Footvolley is physically, technically and tactically a challenging sport because it combines elements from football and beach volleyball. But do not make the mistake of calling it an all-male sport. All over the world female athletes are playing footvolley.
If you think they play to get more guys as followers on their Instagram, think twice. These ladies are highly motivated to improve their skills and compete in international tournaments. Currently in Europe there are female players in the Netherlands, Italy, Germany, Sweden and Austria. We asked them a few questions:
HOW DID YOU GET STARTED AND WHY DO YOU LOVE FOOTVOLLEY?
Nynke Karrenbeld attended a footvolley tournament in Italy 6 years ago and was impressed with this tough and spectacular sport. She played a few balls in between games and was immediately sold. That same summer she joined a new group of men who started in Groningen in the Netherlands and has been playing ever since. Six months later Jorike Olde Loohuis who still played first division football at the time joined as well. They became the first female footvolley team in the Netherlands.
Nicoline Birza comes from a footvolley family as both her brothers and sister in law Evelyn Dobbinga play. In July 2014 she watched her brother Marcel participate in a footvolley clinic and got to play a few balls. She has been playing and improving ever since. Nicoline loves footvolley for the same reasons she loves beachvolley. Only 2 players to a team without substitutes gives you a lot of contacts with the ball and also the mental aspect is crucial. She is addicted to the technical and tactical skills required to play.
In Austria the sisters Klara and Martina Zeiner got involved thanks to Klemens Hofmann-Wellenhof and his brothers. Both are into footvolley because of the fun and the challenge on the sand. Or as Klara puts it:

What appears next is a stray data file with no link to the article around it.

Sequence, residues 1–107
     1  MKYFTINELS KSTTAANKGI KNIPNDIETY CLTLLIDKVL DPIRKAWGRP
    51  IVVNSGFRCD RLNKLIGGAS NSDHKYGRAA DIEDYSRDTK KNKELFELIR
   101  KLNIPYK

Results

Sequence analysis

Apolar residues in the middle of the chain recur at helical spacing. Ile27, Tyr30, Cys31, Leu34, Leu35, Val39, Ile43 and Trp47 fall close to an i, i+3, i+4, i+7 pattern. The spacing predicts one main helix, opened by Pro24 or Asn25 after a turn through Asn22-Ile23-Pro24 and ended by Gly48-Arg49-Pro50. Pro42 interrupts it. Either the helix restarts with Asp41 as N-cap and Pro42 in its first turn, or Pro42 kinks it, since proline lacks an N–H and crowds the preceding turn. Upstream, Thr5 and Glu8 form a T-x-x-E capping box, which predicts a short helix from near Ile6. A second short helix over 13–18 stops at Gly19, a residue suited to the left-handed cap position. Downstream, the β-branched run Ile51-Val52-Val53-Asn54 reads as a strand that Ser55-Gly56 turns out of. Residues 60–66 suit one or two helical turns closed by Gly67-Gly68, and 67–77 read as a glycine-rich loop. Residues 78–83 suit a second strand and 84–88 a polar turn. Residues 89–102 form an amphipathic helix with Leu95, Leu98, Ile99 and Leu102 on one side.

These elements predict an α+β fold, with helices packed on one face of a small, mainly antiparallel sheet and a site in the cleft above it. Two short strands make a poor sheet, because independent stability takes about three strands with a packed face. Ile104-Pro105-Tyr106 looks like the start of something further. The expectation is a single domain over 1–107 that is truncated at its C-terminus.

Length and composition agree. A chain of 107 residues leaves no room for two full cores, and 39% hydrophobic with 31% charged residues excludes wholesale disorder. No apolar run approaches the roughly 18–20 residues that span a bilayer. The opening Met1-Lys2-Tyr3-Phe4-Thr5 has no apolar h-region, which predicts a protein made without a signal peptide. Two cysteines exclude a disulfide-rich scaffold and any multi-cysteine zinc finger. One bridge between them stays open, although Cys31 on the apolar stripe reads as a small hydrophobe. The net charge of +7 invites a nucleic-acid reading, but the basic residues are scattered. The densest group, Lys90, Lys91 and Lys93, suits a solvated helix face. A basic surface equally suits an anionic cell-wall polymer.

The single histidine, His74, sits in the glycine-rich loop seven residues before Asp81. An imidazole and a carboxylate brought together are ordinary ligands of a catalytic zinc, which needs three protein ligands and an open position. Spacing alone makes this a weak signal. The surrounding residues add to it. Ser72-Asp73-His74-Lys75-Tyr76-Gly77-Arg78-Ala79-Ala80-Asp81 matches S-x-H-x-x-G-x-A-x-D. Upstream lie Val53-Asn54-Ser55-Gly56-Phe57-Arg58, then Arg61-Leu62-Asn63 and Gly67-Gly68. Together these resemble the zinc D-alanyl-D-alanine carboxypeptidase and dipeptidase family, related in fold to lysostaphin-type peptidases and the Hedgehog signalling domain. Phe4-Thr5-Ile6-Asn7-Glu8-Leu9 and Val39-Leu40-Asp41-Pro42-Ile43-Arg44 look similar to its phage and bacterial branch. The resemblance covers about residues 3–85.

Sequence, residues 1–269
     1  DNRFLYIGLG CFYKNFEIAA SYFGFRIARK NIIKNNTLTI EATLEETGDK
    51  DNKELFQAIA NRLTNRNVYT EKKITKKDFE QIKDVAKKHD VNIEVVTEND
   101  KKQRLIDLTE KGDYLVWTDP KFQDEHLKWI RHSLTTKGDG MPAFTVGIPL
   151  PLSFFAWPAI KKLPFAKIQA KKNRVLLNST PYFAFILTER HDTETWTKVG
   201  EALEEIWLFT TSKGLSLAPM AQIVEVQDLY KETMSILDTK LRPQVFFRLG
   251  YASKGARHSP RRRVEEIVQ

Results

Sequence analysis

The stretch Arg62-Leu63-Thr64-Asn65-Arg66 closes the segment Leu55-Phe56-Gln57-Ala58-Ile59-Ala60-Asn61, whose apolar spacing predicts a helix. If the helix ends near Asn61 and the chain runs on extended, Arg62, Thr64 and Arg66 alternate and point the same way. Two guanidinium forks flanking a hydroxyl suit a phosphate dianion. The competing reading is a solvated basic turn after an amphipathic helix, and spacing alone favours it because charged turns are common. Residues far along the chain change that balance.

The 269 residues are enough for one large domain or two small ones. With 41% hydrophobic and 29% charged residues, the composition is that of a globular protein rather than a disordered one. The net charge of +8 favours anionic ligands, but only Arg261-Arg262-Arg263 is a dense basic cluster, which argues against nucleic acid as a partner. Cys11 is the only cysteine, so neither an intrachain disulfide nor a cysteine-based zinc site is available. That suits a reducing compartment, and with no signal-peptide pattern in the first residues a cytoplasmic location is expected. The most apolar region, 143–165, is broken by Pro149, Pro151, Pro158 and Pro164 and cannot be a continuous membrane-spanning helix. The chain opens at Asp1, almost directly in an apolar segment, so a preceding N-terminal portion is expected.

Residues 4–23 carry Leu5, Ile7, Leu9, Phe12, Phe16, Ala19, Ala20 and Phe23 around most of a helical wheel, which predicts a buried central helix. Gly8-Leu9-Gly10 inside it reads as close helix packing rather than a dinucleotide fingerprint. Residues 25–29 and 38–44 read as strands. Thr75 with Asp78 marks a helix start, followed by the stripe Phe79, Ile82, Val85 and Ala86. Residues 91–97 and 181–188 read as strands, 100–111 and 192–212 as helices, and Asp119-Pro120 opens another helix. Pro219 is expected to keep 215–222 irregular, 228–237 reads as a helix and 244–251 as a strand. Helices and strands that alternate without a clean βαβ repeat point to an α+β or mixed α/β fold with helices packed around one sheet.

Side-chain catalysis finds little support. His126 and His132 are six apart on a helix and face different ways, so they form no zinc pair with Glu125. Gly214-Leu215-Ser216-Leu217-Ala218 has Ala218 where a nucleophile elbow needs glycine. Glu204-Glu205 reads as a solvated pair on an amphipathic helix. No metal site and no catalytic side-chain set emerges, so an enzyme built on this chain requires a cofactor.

“Footvolley is a great way for women to show they have a good feel for the ball and hand to eye control, without a personal history of playing football or volleyball like my sister and me.” (Klara Zeiner)
Martina adds that apart from playing even watching footvolley games is fun because of all the action and long rally’s.
In Sweden the most famous footvolley and football player (next to Zlatan) is Elin Astrid. She participated in a footvolley clinic at the Gothia Cup, the biggest football youth tournament in Gothenburg and she fell in love head over heels. Elin found that by playing this amazing sport she improved her football skills. Even with an injury or sensitive ligaments she was still able to play and speed up her revalidation:
"The sand is pretty much harmless to my bad knee and it's good to know I will always have footvolley when I'm old and can't play football anymore. It was a salvation for me during my slow rehabilitation of my injury." (Elin Astrid)
In the international tournament in Groningen 2016 Elin teamed up with the Dutch player Iona van der Linden. As a kid she used to play football with her brothers and now she plays a lot of volleyball. She really appreciates footvolley because you get to use different body parts to play the ball. Not using her arms was a challenge at first but now the situation has turned. From time to time she even rescues a lost ball with her feet while playing volleyball. She likes playing with her bare feet in the sand and she enjoys the good atmosphere at tournaments.